When people think of Chinese cuisine, they often think of Sichuan peppercorn. However, Sichuan pepper is in no way related to the black peppercorn. While the Sichuan pepper is native to the south and central mountains of China, for many, many years China has been one of the largest consumers of black pepper. Whether due to its exotic nature, or because of its milder flavor (Sichuan pepper numbs the mouth, even in small quantities), the People’s Republic has consumed this Indian import for hundreds of years.
Historically, merchants from all over China traveled to far off countries, buying cartloads of pepper that they would sell for exorbitant prices upon returning to their home provinces. On the Indonesian island of Java, the port of Bantam developed the world’s largest pepper trade through these Chinese merchants. Marco Polo described this exchange during his visit to Java: “The territory is very rich, yielding pepper, nutmegs, galanga, cubebs, cloves, and all the richest of spices. Many merchants from Zai-tun [a Fujian Chinese province] and Manjii [a general term for Southern China] come and carry on a great and profitable traffic.”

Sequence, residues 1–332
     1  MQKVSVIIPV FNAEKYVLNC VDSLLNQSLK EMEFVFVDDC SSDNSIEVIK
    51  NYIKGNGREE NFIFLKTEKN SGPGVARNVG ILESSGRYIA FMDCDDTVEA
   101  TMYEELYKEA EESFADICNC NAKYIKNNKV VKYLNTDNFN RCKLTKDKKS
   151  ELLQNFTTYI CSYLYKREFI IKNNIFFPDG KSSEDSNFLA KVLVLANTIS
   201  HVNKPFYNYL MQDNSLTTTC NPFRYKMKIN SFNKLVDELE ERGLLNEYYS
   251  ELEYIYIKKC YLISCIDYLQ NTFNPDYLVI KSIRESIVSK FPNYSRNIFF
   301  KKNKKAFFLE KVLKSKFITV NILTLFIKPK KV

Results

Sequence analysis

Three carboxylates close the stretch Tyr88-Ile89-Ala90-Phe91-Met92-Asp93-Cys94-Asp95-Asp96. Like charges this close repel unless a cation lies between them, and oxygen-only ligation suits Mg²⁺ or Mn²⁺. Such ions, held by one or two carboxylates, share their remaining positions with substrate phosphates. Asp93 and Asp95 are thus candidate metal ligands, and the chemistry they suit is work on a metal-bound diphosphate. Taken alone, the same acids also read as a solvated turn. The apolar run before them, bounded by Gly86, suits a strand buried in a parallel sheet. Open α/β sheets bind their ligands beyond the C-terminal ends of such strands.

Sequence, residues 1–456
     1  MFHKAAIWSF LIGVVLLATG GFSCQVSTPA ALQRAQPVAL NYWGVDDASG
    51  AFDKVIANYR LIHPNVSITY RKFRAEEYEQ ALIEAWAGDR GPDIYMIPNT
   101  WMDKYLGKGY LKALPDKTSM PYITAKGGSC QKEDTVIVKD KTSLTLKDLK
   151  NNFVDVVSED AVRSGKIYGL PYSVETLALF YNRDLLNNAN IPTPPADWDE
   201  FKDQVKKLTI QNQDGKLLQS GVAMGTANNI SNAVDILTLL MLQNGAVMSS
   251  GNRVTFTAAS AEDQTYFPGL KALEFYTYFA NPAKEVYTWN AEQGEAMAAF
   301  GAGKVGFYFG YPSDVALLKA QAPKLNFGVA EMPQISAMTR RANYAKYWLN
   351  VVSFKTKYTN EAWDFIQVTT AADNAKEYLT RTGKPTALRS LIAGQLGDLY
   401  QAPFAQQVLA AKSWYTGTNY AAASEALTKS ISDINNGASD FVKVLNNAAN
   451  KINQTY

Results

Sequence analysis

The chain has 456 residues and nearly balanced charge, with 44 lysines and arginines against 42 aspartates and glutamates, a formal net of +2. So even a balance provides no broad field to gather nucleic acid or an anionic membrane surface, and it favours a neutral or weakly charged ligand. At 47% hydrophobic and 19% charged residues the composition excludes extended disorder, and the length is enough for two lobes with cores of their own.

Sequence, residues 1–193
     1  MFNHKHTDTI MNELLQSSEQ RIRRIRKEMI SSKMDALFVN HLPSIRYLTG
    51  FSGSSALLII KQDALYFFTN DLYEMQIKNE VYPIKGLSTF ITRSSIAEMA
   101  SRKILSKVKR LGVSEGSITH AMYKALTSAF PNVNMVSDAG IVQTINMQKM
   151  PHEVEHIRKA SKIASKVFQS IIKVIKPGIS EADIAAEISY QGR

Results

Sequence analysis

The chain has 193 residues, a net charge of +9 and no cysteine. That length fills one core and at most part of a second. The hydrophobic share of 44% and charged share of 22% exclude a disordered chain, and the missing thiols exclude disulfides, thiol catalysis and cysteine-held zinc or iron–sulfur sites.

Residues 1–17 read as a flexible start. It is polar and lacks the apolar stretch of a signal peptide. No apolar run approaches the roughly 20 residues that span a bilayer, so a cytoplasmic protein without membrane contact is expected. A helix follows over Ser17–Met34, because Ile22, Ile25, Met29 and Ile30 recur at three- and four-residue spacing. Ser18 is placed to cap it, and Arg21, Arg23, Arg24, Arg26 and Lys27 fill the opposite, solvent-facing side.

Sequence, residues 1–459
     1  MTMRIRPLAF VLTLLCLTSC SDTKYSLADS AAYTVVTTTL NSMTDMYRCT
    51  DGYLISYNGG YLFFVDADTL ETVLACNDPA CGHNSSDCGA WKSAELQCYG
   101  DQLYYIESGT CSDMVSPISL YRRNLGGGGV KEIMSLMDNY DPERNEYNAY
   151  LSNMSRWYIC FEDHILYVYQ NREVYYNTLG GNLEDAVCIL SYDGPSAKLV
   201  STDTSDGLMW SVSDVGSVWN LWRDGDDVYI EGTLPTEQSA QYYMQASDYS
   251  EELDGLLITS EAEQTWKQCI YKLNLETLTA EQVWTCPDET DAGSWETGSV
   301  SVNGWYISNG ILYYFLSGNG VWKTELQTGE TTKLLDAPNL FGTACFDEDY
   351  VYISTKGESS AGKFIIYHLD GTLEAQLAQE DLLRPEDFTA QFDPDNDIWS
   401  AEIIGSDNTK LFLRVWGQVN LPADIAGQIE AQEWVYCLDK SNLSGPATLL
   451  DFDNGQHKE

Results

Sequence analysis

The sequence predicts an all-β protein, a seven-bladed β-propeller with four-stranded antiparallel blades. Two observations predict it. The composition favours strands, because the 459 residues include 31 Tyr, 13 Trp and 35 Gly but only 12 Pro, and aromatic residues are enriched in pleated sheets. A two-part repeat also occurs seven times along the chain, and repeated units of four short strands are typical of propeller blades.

Today, the peppercorn trade has shifted. Now Vietnam is the largest producer of the spice, with Indonesia taking third place behind India. India remains the largest consumer of its native spice and China ranks second behind them in domestic consumption. China is, however, the largest consumer of white pepper. It is most famously used in their hot and sour soup. Both types of pepper have been used for years in China as a “warming” medicine for the spleen, stomach, and small intestine. And though China has a large population, its massive pepper consumption is rooted in its long history with the spice.